Multiple Objective Functions for Falsification of Cyber-Physical Systems
Paper in proceeding, 2020

Cyber-physical systems are typically safety-critical, thus it is crucial to guarantee that they conform to given specifications, that are the properties that the system must fulfill. Optimization-based falsification is a model-based testing method to find counterexamples of the specifications. The main idea is to measure how far away a specification is from being broken, and to use an optimization procedure to guide the testing towards falsification. The efficiency of the falsification is affected by the objective function used to evaluate the test results; different objective functions are differently efficient for different types of problems. However, the efficiency of various objective functions is not easily determined beforehand. This paper evaluates the efficiency of using multiple objective functions in the falsification process. The hypothesis is that this will, in general, be more efficient, meaning that it falsifies a system in fewer iterations, than just applying a single objective function to a specific problem. Two objective functions are evaluated, Max, Additive, on a set of benchmark problems. The evaluation shows that using multiple objective functions can reduce the number of iterations necessary to falsify a property.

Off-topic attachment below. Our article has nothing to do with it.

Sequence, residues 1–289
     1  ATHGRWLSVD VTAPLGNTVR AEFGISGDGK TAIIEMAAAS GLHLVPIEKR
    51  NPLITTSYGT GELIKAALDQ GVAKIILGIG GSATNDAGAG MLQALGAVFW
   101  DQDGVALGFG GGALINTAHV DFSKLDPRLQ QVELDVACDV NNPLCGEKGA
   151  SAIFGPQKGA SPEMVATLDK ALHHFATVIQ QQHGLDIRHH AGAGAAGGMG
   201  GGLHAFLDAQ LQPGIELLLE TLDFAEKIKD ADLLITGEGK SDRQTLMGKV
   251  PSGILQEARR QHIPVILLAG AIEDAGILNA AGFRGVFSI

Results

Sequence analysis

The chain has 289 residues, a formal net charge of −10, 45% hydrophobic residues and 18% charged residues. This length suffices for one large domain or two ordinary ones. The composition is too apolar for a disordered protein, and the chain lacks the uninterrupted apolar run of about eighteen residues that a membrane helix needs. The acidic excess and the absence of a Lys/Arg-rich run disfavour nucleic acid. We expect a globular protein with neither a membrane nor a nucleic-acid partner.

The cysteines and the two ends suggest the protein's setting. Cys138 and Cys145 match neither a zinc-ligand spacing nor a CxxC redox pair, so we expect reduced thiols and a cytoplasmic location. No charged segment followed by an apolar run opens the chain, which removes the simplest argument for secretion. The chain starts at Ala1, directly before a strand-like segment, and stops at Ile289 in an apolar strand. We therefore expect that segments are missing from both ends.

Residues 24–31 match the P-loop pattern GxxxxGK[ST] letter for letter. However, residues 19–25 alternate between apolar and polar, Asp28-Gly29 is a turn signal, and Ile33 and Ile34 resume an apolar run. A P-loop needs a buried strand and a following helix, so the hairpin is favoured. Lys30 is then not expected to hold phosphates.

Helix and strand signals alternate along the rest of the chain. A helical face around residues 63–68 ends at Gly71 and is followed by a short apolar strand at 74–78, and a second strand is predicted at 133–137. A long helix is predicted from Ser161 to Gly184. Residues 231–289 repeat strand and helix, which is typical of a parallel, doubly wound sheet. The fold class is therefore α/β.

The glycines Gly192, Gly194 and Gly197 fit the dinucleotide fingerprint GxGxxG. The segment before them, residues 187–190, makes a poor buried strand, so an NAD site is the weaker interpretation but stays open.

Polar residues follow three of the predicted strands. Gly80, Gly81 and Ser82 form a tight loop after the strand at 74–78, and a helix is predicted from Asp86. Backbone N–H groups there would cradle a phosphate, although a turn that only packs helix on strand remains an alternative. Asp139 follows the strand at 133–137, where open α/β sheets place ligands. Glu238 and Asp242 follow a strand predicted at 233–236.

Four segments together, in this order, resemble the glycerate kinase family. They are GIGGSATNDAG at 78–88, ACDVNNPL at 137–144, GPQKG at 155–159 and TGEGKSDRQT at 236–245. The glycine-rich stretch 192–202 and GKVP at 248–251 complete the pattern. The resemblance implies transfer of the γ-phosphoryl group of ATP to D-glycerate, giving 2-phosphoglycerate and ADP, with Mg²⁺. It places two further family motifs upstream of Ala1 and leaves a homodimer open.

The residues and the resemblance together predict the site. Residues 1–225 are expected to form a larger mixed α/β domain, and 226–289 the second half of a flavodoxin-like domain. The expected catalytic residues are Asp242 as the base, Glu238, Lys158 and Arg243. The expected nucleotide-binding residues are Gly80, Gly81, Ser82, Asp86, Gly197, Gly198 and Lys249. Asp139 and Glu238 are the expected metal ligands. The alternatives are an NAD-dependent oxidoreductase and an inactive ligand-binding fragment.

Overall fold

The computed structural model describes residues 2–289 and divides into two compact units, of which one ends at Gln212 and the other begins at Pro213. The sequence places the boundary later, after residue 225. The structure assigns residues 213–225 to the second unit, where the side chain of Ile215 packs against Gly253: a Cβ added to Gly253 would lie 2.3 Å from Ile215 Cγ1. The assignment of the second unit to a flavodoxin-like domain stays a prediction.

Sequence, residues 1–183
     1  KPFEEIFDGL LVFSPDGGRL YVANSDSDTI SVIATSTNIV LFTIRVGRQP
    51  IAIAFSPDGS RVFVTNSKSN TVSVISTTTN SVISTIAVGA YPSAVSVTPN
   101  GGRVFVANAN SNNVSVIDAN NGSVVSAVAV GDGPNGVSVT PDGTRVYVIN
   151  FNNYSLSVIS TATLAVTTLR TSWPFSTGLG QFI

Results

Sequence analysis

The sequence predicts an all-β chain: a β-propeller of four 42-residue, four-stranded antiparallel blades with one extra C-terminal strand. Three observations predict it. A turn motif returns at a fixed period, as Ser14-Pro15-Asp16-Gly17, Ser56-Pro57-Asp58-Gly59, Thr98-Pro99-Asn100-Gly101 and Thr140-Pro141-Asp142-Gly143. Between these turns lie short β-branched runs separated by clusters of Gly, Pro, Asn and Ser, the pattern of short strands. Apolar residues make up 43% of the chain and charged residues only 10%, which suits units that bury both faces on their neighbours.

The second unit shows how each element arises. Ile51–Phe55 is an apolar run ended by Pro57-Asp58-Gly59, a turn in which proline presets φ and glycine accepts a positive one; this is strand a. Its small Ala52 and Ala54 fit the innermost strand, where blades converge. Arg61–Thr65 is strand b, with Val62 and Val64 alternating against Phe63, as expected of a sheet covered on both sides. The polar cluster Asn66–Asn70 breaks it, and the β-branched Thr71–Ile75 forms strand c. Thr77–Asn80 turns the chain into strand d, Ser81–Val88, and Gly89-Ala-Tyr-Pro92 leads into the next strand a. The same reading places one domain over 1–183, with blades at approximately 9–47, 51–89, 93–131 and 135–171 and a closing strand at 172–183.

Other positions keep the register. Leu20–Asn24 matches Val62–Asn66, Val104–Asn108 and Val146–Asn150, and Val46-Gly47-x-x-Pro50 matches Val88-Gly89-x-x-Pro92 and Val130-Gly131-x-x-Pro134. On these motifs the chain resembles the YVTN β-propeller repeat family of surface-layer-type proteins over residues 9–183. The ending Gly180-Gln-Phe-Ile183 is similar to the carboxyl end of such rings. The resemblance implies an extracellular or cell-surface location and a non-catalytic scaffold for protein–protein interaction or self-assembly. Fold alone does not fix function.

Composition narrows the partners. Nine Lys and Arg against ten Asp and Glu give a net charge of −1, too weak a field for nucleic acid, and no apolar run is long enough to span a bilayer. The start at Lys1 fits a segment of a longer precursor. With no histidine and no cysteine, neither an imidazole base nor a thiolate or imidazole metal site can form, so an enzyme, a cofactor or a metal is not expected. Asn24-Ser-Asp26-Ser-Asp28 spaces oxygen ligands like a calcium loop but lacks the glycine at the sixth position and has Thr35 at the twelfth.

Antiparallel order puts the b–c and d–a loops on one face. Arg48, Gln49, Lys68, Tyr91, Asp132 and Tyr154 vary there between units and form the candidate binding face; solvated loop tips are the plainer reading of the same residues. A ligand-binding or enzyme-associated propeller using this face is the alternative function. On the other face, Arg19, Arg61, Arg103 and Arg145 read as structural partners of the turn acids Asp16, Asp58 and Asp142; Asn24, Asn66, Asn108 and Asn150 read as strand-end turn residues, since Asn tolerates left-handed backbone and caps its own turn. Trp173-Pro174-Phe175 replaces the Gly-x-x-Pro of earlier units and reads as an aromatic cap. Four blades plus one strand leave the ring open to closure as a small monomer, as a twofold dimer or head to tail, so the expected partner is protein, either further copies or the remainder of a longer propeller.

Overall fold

Multiple Objective Functions

Testing

Cyber-Physical Systems

Falsification

Author

Zahra Ramezani

Chalmers, Electrical Engineering, Systems and control, Automation

Johan Lidén Eddeland

Chalmers, Electrical Engineering, Systems and control, Automation

Koen Claessen

Chalmers, Computer Science and Engineering (Chalmers), Functional Programming

Martin Fabian

Chalmers, Electrical Engineering, Systems and control, Automation

Knut Åkesson

Chalmers, Electrical Engineering, Systems and control, Automation

IFAC-PapersOnLine

24058963 (eISSN)

Vol. 53 4 417-422

15th IFAC Workshop on Discrete Event Systems, WODES 2020
Rio, Brazil,

Roots

Basic sciences

Subject Categories

Embedded Systems

Computer Science

Computer Vision and Robotics (Autonomous Systems)

DOI

10.1016/j.ifacol.2021.04.040

More information

Latest update

6/10/2021